SG: There are probably around six categories, whether it’s the result of a neutral zone play, offensive zone forecheck, faceoff, power play, penalty kill, defensive zone coverage/turnovers, there’s probably six or seven categories that we track just so we can keep tabs on where our breakdowns are happening or where we’re generating our scoring chances from.
AP: What are the plans to reduce own-zone time?
SG: The best way to reduce that is to spend more time in the offensive zone. Those are things that since Randy’s come in we talked about and it doesn’t happen overnight. We saw a significant improvement in our team being able to use the offensive zone more effectively even though it didn’t show the results in each zone as much as we’d like. I think some groundwork has been done that’s going to make it easier for us next year.
AP: Do you view Clarkson as a key guy in this regard?
SG: Well, New Jersey is probably one of the better teams in the league as far as puck possession in the offensive zone. He’s a bigger body, he uses his body effectively to get in on the forecheck and manage the puck down low. When you have more heavy players it’s a little bit easier to maintain puck possession.
AP: Cronin mentioned “quality possessions” as a point of emphasis, can you explain them?
SG: It’s a different thing. It’s more of wearing down the opposition by keeping puck possession in the offensive zone. Just being able to make the opposition defend entire areas and create confusion in the offensive zone. That’s something that you can’t really measure in a stat other than time of possession, but certainly it’s something that we work on all the time and stress it.
AP: How reliable are NHL.com stats?
SG: Every building is different. The people that take the stats, they have different discretion from building to building. It’s not so much the shots as those are usually pretty much a standard rule of thumb, it’s blocked shots and hits. We’ll chart hits after a game and it’s clearly not right because we’re watching the video. If you’re making contact with somebody that’s a hit, but there’s some buildings where the discretion is you have to separate the man from the puck. But that’s not how you define a hit. A hit is a hit. That’s where you look at the NHL stats and there are some inconsistencies from building to building.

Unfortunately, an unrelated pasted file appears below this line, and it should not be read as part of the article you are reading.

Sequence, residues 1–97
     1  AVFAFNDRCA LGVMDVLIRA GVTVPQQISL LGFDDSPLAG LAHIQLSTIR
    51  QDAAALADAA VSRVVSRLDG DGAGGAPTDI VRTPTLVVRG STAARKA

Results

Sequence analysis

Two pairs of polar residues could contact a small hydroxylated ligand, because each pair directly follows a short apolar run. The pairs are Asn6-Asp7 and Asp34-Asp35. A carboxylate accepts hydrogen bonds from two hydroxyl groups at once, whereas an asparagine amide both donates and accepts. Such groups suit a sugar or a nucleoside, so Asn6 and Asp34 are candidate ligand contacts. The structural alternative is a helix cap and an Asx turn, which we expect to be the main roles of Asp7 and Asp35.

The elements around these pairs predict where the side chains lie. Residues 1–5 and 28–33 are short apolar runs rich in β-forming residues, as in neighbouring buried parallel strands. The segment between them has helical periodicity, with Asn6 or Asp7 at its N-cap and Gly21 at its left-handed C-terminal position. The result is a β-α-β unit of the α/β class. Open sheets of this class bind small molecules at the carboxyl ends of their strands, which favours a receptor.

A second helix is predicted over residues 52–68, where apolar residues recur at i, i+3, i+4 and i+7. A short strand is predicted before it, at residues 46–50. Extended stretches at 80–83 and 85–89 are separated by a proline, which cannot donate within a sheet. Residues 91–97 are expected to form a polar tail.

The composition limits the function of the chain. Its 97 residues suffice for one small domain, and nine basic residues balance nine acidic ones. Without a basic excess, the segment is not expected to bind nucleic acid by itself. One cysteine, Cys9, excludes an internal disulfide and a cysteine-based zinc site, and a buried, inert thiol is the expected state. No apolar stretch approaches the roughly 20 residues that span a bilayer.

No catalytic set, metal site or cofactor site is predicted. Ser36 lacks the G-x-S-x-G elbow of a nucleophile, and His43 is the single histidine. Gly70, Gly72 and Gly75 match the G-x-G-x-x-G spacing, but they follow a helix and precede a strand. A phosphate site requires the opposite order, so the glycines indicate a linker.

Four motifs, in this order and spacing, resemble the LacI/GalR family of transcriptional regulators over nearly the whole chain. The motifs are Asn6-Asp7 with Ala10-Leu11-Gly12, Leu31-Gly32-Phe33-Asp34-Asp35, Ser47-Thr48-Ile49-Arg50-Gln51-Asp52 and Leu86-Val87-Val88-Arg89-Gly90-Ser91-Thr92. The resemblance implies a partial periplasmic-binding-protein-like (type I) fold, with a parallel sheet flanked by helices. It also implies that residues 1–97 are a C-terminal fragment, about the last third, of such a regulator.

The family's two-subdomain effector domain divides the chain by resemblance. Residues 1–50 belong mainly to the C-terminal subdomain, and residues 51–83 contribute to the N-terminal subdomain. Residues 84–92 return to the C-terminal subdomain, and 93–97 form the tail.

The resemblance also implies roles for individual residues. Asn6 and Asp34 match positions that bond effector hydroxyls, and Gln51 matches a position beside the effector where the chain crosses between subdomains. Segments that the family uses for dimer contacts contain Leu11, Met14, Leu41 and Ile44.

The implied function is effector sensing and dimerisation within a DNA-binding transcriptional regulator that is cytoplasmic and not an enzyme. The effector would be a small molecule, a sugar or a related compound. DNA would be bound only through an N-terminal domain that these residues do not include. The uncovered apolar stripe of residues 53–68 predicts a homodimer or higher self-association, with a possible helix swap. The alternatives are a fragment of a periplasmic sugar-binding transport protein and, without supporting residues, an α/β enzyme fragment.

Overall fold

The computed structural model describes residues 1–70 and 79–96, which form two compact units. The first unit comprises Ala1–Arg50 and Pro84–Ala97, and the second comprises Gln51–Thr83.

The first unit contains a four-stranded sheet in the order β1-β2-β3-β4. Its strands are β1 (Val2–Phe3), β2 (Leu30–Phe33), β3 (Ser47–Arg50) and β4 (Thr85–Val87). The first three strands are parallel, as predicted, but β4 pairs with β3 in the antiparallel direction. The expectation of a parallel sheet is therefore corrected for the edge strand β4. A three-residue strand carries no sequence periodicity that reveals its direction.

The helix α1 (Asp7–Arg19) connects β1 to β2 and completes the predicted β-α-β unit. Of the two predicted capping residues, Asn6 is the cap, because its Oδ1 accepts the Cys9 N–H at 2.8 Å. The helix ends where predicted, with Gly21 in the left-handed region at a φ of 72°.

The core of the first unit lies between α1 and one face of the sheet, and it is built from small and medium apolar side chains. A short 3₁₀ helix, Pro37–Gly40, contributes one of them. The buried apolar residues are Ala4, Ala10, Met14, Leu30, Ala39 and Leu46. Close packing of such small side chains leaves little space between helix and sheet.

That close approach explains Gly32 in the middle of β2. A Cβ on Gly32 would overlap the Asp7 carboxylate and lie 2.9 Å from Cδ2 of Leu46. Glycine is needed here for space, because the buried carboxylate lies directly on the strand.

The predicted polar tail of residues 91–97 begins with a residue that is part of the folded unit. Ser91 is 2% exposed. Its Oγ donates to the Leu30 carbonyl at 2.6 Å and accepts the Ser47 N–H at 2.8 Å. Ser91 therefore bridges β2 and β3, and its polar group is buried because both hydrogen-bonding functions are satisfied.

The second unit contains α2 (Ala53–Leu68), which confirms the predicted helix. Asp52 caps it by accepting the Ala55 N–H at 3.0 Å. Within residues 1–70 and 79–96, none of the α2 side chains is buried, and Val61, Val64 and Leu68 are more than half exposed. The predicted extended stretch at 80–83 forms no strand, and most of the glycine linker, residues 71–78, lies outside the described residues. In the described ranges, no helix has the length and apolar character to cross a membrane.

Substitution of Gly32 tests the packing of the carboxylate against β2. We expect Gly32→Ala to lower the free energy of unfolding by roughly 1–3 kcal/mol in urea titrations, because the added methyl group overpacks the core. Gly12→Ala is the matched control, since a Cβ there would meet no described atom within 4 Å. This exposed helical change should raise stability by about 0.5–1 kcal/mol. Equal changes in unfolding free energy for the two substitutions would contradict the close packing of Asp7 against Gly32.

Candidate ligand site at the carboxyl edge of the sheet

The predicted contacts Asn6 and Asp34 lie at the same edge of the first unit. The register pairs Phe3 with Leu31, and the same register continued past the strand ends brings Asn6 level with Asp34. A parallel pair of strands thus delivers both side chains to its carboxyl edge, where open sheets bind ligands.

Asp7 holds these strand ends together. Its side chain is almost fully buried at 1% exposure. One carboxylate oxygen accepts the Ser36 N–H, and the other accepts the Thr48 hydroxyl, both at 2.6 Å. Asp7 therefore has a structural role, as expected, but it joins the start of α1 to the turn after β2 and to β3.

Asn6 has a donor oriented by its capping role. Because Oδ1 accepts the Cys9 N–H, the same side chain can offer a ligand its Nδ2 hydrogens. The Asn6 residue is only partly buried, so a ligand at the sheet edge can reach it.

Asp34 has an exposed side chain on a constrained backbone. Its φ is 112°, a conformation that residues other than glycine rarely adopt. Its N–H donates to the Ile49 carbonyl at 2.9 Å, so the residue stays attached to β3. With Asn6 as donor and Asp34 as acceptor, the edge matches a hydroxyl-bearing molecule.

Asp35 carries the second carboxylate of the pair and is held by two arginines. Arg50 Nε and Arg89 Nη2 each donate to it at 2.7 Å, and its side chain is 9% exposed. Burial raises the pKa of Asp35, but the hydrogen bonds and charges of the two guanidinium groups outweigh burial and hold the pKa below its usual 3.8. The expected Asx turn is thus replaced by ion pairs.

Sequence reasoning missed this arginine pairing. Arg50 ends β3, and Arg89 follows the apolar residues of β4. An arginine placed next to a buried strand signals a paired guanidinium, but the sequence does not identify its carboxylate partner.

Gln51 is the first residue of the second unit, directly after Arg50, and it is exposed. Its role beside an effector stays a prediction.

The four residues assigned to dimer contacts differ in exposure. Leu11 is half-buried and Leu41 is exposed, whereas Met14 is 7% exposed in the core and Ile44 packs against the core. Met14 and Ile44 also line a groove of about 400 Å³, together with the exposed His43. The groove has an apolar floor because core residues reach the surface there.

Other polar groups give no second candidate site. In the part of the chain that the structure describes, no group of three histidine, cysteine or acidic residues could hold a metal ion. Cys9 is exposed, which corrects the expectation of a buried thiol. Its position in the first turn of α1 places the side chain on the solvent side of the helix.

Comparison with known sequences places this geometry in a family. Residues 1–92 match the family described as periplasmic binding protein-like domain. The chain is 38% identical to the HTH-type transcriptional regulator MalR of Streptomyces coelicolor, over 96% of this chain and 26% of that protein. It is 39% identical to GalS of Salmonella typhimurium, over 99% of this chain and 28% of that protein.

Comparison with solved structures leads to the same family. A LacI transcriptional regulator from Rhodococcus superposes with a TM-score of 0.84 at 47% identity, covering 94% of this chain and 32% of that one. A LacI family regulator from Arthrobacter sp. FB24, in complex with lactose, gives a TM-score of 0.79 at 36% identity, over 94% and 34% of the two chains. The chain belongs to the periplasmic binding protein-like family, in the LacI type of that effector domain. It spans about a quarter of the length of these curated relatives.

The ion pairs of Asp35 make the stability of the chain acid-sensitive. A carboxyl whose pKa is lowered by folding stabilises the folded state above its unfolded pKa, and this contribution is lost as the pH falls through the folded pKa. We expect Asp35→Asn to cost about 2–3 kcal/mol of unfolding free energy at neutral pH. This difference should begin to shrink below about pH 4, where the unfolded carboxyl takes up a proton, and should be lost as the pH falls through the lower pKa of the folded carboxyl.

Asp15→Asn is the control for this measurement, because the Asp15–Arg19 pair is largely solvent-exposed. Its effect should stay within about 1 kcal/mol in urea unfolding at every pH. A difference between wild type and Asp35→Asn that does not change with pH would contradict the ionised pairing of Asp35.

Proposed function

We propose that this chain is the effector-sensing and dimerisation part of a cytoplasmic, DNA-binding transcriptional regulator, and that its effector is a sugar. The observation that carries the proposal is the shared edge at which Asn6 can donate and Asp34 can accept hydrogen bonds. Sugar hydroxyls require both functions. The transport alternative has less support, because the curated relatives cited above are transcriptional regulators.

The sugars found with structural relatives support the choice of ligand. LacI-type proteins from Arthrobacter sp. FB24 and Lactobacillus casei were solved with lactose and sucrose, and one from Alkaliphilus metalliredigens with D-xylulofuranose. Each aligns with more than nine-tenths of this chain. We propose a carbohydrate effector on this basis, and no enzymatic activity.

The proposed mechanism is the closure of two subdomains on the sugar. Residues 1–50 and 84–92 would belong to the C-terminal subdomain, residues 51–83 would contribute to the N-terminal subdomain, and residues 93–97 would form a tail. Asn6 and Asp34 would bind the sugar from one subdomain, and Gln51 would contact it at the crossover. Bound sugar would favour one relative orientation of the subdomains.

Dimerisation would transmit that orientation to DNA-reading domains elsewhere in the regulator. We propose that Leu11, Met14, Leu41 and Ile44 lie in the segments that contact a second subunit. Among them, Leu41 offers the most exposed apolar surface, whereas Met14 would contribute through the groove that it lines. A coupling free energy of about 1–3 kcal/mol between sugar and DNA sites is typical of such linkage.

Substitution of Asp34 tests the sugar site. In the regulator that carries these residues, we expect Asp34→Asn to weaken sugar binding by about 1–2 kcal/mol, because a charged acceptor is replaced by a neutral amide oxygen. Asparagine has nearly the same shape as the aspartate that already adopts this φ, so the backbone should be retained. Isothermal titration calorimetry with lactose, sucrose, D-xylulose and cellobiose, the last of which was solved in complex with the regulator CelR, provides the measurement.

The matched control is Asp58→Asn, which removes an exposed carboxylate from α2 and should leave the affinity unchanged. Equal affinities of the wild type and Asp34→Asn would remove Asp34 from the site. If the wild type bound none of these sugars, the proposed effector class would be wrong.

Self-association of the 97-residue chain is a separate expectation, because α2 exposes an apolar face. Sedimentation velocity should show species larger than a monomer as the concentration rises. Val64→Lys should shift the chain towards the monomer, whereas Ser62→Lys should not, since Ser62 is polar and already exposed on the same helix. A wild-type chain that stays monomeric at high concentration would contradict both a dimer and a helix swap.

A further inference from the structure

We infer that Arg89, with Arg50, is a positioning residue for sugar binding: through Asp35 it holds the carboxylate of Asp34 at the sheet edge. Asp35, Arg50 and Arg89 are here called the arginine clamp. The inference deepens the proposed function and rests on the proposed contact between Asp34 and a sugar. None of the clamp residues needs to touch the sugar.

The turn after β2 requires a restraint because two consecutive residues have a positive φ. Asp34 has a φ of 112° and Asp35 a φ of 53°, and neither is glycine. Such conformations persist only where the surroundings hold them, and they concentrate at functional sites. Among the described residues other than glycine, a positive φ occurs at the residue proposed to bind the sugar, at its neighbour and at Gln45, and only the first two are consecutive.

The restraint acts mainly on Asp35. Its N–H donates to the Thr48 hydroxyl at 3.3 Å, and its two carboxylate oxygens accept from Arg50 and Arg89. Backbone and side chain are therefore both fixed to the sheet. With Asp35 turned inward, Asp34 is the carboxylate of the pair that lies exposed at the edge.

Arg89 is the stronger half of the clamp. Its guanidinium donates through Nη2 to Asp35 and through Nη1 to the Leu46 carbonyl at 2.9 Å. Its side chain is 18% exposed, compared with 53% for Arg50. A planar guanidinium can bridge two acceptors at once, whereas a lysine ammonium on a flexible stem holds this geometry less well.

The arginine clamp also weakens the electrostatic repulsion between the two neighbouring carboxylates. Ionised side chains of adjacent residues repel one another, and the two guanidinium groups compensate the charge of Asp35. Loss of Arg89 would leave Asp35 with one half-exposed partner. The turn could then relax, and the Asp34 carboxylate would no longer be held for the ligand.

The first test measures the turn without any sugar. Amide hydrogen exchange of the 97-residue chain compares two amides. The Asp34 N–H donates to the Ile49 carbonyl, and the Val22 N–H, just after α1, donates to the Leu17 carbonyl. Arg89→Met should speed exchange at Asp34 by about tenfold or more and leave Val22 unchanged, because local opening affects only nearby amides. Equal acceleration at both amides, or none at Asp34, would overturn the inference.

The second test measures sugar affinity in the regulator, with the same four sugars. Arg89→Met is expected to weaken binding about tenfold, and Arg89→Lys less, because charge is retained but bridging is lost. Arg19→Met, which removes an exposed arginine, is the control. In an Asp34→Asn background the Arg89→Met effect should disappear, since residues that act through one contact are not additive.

AP: Do the shot counts not do you justice?
SG: Well, as far as shots go there are a lot of things that factor into your team giving up a lot of shots or getting a lot. I don’t think we look at the numbers as far as totals on just shots. Where our concern is, is the more quality of shots we get. We had a discussion yesterday and usually the goalie coaches are pretty good at deciphering whether they think your team gives up a lot of shots. Our goalie coach [Rick St. Croix] was of the opinion that we did a good job of keeping shots to the outside. And that’s usually what most teams say when they give up a lot of shots, but I think it is a good indicator because our scoring chances were pretty much even with the opposition all year long. Even though we might have given up more shots, I think there’s a commitment to making sure that we defended the front of the net better and the middle of the ice versus the perimeter play. There are areas we can get better at on the perimeter play, and like I said, the biggest way to cut down your shots is to spend more time in the offensive zone.